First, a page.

The Supreme Court in State of Bihar v. Murad Ali Khan, held that an offence under Section 429, IPC and under Section 9(1) read with Section 50 of the wild life protection Act, 1972, being substantially similar, the bar of double jeopardy would operate for this offence.
According to section 13 of the act, (1) Where the owner of an animal is convicted of an offence under section 11, it shall be lawful for the court, if the court is satisfied that it would be cruel to keep the animal alive, to direct that the animal be destroyed and to assign the animal to any suitable person for that purpose, and the person to whom such animal is so assigned shall, as soon as possible, destroy such animal or cause such animal to be destroyed in his presence without unnecessary suffering, and any reasonable expense incurred in destroying the animal may be ordered by the court to be recovered from the owner as if it were a fine: Provided that unless the owner assents thereto, no order shall be made under this section except upon the evidence of a veterinary officer in charge of the area.
(2) When any magistrate, commissioner of police or district superintendent of police has reason to believe that an offence under section 11 has been committed in respect of any animal, he may direct the immediate destruction of the animal, if in his opinion, it would be cruel to keep the animal alive.
(3) Any police officer above the rank of a constable or any person authorised by the State Government in this behalf who finds any animal so diseased or so severely injured or in such a physical condition that in his opinion it cannot be removed without cruelty, may, if the owner is absent or refuses his consent to the destruction of the animal, forthwith summon the veterinary officer in charge of the area in which the animal is found, and if the veterinary office certifies that the animal is mortally injured or so severely injured or in such a physical condition that it would be cruel to keep it alive, the police officer or the person authorised, as the case may be may, after obtaining orders from a magistrate, destroy the animal injured or cause it to be destroyed 2[in such manner as may be prescribed].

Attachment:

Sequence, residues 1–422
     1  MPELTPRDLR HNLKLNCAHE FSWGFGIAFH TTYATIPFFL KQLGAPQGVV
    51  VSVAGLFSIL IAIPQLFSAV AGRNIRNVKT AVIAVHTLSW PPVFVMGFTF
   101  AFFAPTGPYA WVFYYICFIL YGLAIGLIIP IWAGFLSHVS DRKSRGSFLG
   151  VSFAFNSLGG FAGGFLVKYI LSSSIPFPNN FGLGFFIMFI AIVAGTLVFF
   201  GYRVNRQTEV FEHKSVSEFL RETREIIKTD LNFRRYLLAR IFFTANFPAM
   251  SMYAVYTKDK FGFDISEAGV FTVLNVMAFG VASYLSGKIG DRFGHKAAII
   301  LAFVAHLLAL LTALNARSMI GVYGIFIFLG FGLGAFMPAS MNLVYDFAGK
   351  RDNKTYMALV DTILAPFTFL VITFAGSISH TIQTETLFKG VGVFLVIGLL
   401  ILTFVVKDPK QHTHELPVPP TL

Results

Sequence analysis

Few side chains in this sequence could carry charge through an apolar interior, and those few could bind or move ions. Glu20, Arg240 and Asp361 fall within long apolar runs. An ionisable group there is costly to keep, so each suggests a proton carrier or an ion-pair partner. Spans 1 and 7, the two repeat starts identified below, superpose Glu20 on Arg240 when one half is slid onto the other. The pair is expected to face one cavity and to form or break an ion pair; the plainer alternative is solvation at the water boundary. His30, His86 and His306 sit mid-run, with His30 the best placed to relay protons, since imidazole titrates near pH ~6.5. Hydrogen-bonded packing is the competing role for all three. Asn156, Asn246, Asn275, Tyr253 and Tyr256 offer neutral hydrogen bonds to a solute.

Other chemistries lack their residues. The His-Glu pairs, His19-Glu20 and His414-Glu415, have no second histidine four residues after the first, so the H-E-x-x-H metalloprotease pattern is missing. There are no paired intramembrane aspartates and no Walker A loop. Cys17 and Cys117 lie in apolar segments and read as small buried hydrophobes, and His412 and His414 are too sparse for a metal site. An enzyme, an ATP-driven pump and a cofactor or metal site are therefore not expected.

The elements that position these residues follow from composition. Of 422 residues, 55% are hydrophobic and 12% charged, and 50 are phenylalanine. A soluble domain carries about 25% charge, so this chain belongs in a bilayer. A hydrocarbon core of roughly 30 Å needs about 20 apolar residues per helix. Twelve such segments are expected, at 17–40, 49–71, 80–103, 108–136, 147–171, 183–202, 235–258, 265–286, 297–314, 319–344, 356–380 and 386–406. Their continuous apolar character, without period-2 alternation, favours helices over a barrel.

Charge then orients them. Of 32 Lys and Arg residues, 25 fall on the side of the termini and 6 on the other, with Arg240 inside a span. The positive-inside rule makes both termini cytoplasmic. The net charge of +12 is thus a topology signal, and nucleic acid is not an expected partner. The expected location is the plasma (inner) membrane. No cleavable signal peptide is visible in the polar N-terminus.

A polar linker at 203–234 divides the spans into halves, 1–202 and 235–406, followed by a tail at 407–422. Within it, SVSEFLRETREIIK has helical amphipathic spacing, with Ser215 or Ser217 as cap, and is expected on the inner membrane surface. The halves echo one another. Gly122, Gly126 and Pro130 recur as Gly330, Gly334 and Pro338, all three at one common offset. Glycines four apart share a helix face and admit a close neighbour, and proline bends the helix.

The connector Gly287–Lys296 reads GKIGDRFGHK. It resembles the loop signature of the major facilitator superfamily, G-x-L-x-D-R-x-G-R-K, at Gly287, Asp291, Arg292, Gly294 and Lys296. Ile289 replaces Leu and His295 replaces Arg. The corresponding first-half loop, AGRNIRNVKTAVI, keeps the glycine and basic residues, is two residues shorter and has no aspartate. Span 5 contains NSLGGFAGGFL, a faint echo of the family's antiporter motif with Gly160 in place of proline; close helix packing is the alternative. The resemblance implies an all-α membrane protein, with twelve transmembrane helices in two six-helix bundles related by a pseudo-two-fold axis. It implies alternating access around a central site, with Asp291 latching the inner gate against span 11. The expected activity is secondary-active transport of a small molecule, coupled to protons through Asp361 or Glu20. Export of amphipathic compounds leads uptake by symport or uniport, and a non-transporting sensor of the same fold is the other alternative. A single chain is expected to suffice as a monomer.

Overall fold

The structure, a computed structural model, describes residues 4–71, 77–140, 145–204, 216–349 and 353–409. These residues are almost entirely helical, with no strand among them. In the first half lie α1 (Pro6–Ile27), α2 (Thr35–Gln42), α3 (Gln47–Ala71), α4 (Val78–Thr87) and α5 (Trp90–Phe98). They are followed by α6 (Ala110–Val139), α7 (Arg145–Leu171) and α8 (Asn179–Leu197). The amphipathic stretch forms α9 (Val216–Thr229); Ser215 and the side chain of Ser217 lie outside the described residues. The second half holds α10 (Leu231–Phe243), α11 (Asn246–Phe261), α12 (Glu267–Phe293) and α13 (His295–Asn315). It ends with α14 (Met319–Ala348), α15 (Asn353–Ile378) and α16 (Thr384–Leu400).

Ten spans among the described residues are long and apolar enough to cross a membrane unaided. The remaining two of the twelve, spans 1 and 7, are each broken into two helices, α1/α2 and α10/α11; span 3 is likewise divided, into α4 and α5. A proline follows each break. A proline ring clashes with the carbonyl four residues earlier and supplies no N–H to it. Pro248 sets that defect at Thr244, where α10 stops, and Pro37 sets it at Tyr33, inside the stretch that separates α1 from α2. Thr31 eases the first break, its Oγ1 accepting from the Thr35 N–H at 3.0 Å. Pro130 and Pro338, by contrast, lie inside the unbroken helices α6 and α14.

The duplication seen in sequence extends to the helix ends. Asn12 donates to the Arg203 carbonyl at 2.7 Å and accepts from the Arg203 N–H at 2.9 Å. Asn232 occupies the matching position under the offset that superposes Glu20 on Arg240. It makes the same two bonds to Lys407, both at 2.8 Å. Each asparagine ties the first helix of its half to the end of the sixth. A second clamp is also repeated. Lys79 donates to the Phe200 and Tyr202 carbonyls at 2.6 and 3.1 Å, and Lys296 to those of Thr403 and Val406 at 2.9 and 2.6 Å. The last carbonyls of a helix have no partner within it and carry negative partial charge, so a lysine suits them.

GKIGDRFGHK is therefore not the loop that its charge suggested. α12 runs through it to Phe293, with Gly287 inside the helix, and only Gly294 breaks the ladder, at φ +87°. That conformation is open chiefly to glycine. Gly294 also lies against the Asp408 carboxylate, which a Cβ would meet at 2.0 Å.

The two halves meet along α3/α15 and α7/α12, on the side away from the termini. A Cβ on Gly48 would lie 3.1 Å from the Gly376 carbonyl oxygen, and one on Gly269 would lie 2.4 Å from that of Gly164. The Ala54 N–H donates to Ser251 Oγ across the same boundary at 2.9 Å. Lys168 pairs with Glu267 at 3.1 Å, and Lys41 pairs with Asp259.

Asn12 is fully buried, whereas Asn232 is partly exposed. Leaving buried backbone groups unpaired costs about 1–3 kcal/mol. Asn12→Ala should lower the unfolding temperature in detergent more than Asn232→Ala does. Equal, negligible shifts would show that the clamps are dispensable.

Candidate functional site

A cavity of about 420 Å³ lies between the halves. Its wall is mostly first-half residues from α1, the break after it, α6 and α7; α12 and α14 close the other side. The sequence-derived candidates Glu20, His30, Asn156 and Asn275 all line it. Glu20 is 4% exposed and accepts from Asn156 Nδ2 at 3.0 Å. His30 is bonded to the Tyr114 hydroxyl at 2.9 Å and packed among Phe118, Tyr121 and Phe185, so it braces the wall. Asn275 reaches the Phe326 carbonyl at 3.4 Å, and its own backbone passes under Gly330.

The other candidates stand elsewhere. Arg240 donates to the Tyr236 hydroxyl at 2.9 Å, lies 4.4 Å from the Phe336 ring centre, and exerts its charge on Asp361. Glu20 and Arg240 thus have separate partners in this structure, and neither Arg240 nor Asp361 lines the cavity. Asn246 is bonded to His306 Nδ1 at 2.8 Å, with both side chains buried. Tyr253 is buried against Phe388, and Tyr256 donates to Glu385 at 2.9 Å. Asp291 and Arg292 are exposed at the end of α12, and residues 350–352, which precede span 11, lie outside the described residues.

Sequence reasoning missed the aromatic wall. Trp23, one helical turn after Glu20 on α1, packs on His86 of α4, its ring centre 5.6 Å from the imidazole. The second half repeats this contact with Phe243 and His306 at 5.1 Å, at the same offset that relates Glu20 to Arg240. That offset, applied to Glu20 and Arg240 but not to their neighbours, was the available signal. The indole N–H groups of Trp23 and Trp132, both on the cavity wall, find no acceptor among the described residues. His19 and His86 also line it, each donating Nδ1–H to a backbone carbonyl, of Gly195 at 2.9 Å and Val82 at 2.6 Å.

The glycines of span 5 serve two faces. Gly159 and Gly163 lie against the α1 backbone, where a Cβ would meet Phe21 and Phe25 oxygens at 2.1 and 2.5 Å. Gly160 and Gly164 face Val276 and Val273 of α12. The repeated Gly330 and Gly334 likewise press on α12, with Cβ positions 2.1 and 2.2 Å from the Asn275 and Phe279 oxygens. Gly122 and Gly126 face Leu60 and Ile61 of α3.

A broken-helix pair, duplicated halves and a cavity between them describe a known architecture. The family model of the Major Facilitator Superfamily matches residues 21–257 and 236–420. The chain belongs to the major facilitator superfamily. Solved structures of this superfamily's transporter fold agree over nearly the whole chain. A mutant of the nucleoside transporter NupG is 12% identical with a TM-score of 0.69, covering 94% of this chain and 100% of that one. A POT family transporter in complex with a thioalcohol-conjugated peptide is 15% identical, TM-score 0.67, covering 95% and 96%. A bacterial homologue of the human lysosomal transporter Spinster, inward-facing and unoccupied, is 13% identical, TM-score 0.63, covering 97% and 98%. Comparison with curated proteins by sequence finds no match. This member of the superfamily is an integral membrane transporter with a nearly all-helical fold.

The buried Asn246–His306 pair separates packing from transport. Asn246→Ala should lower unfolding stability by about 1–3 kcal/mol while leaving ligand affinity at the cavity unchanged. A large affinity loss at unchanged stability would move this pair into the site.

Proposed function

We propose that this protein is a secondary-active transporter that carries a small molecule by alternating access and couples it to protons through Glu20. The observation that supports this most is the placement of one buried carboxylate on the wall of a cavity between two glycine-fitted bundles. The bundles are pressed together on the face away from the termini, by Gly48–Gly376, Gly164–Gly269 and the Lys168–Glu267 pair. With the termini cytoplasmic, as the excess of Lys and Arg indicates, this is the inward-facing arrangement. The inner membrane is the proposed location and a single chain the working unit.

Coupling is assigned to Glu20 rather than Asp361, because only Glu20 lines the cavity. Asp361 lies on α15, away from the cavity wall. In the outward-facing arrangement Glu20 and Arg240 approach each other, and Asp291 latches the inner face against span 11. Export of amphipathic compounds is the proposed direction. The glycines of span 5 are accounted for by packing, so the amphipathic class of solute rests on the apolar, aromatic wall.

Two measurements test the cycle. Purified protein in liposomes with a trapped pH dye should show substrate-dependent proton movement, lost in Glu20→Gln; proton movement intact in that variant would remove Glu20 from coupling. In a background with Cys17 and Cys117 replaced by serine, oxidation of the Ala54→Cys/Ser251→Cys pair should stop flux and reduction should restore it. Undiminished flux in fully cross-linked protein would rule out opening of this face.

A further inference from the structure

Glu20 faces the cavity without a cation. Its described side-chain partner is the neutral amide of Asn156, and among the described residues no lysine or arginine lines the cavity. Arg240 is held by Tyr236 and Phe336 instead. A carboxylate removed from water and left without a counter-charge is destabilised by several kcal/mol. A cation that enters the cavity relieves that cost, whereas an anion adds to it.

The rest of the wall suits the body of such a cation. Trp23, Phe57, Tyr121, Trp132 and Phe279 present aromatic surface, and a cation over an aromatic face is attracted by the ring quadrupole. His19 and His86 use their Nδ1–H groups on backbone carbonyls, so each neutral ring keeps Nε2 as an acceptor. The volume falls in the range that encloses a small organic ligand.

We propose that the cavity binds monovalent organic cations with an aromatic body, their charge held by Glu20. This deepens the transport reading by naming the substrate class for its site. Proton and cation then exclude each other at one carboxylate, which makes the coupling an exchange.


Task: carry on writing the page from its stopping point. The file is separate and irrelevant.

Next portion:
(4) No appeal shall lie from any order of a magistrate for the destruction of an animal.
Nothing contained in this Act shall render unlawful the performance of experiments (including experiments involving operations) on animals for the purpose of advancement by new discovery of physiological knowledge or of knowledge which will be useful for saving or for prolonging life or alleviating suffering or for combating any disease, whether of human beings, animals or plants.
Punishments for the above felonies are mentioned under section 20 of PCA, which states that is a person contravenes any order made by the Committee under section 19, commits a breach of any condition imposed by the Committee under that section he shall be punishable with fine which may extend to two hundred rupees, and, when the contravention or breach of condition has taken place in any institution, the person in charge of the institution shall be deemed to be guilty of the offence and shall be punishable accordingly.